Seabridge Gold Inc.
NYSE Amex : SA

Seabridge Gold Inc.

September 27, 2010 08:00 ET

Drills Upgrading Large Resource at Seabridge Gold's Courageous Lake Project

TORONTO, CANADA--(Marketwire - Sept. 27, 2010) - Eleven more core holes drilled this season by Seabridge (TSX:SEA)(NYSE Amex:SA) at its 100% owned Courageous Lake gold project continue to increase confidence in the current resource, moving it towards reserve status. These results are also likely to add to the multi-million ounce resource and increase its overall grade. In total, 44 holes will be drilled this season at Courageous Lake (22,300 meters). Assay results have now been released for the first 22 holes (see also the News Release dated August 5, 2010). The Courageous Lake project is located in Canada's Northwest Territories.

Seabridge President Rudi Fronk noted that "our 2008 Preliminary Assessment on Courageous Lake demonstrated that the FAT deposit has outstanding economic potential at current gold prices. The issue is to upgrade the deposit's large inferred resource. We have now drilled 22 consecutive holes this summer containing significant widths of gold mineralization well above the resource cut-off grade. It is increasingly clear to us that most of the Courageous Lake resource should qualify as reserves in our Preliminary Feasibility Study scheduled for completion in early 2012."

The FAT deposit is located geologically in the Slave Province. The deposit's name is an acronym for its dominant rock type, Felsic Ash Tuff. This gold occurrence, hosted by Archean rocks, was formed in a rhyolite/dacite dome complex that measures about 2 kilometers along strike and about 800 meters of stratigraphic section in width. Although tuffaceous rocks are the most common in the deposit there are also clear intervals of clastic and chemical sedimentary rocks and a few late intrusives. 

In constructing the geological model for resource estimation, unique stratigraphic intervals were defined and labeled as ore domains 1 though 9 and domain 14. Distribution of gold within a domain and the surrounding rock is treated differently from other domains in resource modeling. Domains 3, 4 and 5 contain about 80% of the gold in the deposit.

Results from the second batch of core drill holes from the current program are as follows:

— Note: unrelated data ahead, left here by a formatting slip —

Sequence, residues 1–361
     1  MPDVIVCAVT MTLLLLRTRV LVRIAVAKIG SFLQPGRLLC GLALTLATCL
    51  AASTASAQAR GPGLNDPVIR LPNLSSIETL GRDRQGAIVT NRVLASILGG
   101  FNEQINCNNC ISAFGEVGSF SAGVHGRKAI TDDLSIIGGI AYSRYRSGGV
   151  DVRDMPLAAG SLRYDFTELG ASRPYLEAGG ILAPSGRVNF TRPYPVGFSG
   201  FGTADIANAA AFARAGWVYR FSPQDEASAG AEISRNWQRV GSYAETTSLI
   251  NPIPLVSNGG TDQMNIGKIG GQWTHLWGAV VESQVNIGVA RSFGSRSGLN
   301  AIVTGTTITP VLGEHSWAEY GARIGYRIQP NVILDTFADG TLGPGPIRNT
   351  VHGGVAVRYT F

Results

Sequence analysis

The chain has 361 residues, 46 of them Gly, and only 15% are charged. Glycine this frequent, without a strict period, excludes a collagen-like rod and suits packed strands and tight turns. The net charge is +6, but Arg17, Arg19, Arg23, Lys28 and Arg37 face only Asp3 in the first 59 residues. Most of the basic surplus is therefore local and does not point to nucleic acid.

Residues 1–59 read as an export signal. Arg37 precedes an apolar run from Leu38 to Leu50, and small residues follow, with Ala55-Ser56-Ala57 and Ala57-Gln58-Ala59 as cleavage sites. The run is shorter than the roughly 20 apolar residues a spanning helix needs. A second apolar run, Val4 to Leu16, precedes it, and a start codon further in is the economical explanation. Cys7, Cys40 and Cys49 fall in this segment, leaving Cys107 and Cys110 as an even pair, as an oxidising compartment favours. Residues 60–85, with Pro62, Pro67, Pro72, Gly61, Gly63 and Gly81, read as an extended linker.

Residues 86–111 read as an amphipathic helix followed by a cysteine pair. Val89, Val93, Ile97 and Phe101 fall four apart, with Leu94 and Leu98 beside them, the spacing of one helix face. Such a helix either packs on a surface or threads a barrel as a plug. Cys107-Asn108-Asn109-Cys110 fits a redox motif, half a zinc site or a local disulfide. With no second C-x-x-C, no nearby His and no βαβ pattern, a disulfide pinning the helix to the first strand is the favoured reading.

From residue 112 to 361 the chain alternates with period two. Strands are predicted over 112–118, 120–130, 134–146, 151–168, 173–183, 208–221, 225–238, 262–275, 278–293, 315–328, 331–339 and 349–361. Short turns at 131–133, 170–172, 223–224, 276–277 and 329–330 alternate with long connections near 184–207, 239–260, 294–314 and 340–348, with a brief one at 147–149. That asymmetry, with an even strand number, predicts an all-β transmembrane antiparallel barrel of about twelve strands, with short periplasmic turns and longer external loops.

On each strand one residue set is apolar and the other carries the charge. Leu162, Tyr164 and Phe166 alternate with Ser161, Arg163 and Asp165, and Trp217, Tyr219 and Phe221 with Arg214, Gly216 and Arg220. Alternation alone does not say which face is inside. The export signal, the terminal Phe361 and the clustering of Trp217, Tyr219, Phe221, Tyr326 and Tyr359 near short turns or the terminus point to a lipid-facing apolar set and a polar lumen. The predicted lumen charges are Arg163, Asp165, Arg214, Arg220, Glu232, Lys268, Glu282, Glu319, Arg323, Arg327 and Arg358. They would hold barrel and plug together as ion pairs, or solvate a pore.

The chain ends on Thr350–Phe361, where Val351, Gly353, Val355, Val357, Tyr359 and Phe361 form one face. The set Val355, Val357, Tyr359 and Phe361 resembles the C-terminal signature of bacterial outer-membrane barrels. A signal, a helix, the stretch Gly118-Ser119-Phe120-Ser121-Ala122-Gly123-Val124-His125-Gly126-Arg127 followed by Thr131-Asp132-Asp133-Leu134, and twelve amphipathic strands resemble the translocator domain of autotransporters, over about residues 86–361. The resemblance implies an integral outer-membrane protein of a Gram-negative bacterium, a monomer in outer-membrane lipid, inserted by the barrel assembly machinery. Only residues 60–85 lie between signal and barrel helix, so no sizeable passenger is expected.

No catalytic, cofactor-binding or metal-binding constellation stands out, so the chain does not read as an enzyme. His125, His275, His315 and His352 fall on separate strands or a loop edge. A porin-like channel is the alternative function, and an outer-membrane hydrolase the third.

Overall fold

Drill Hole ID Depth (meters) From (meters) To(meters) Ore Domain Length (meters) Gold Grade (grams/tonne)
CL-092 825 286.5 292.3 3 5.8 2.35
299.2 208.4 3 9.2 7.02
337.0 378.5 3 41.5 3.33
402.0 411.0 4 9.0 2.35
416.0 441.5 4 25.5 2.92
449.0 457.7 4 8.7 2.47
468.5 522.5 4 54.0 1.81
537.5 546.5 4 9.0 2.17
566.2 589.6 4 and 5 23.4 3.08
602.7 611.7 5 9.0 2.79
659.9 667.0 5 7.1 4.59
763.4 813.2 6 and 9 49.8 1.60
CL-093 650 244.5 252.4 3 7.9 1.47
270.0 278.4 3 8.4 5.44
414.0 428.6 4 14.6 2.59
436.1 448.6 4 12.5 1.66
463.6 489.5 4 25.9 3.16
504.0 519.9 4 15.9 1.12
CL-094 402 306.8 310.0 4 3.2 3.55
352.3 361.0 4 8.7 4.27
377.3 391.0 4 13.7 2.09
CL-095 825 105.5 108.5 7 3.0 2.68
515.9 518.5 6 2.6 5.80
526.0 552.0 5 26.0 2.84
567.0 604.5 5 37.5 1.29
606.0 625.5 4 19.5 1.62
648.0 676.5 4 28.5 3.49
701.0 725.0 4 24.0 4.23
726.5 741.4 3 14.9 1.17
CL-096 275 12.0 19.5 4 7.5 1.30
34.5 39.0 4 4.5 1.61
52.9 57.4 4 4.5 1.36
99.0 110.5 4 11.5 3.24
119.5 131.3 4 11.8 2.05
144.3 160.8 4 and 3 16.5 1.28
219.8 230.3 3 and 2 10.5 6.00
256.2 261.0 2 4.8 4.69
CL-097 550 267.5 313.5 4 46.0 1.95
322.7 351.6 4 28.9 2.66
357.0 363.0 4 6.0 2.85
372.5 380.0 4 7.5 5.21
422.1 441.0 4 18.9 2.19
448.5 454.5 3 6.0 1.70
481.5 489.0 3 7.5 1.70
505.7 519.0 3 13.3 1.46
530.1 533.1 3 3.0 1.69
CL-098 450 98.6 102.5 3 3.9 3.33
246.0 255.6 4 9.6 1.82
289.4 295.7 4 6.3 2.02
CL-099 475 228.8 236.2 4 7.4 1.98
251.7 256.2 4 4.5 4.86
260.0 264.0 4 4.0 2.20
291.5 300.5 4 9.0 2.41
316.5 346.0 4 29.5 2.95
362.3 411.5 3 49.3 3.86
421.5 434.7 3 13.2 2.81
436.6 447.3 2 10.7 2.35
CL-100 399 209.7 213.1 5 3.4 1.51
300.0 312.0 4 12.0 1.39
321.0 325.5 4 4.5 2.63
331.0 357.5 4 26.5 3.75
376.1 391.0 3 14.9 2.06
CL-101 426 57.0 69.1 3 12.1 1.32
223.5 264.0 4 40.5 4.91
270.0 283.5 4 13.5 1.60
291.0 297.0 4 6.0 1.70
330.2 339.0 4 8.8 2.63
403.5 408.0 5 4.5 1.46
CL-102 375 272.5 289.5 4 17.0 4.59
312.0 315.0 4 3.0 3.51
337.5 340.5 3 3.0 4.72
345.0 358.5 3 13.5 4.56

Geologic descriptions of the above tabulated holes are as follows:

CL-092: Drilled at an azimuth of 277° and an inclination of minus 67° and designed to upgrade inferred resources in domains 3 and 4 and test domains 5 and 6 from depths of 300 to 600 meters. Domains 3 and 4 were encountered as expected with grades higher than model predictions. Gold grades in domain 5 were consistent with expectations. The bottom of the hole found unexpected mineralization in domains 6 and 9. Results from this hole will improve grade, upgrade inferred resources and expand mineralization.

CL-093: Drilled at an azimuth of 277° and an inclination of minus 59° and designed to test domains 3, 4 and 5. Geology encountered in this hole on the north end of the deposit was predominantly felsic tuffs with minor intercalations of sedimentary units. Alteration was less intense in domain 3 than expected but gold grades were consistent with the block model. Domain 4 contained less intense alteration than expected but gold grades were better than expected. The stratigraphic package of domain 5 was encountered but alteration and gold grades were not found.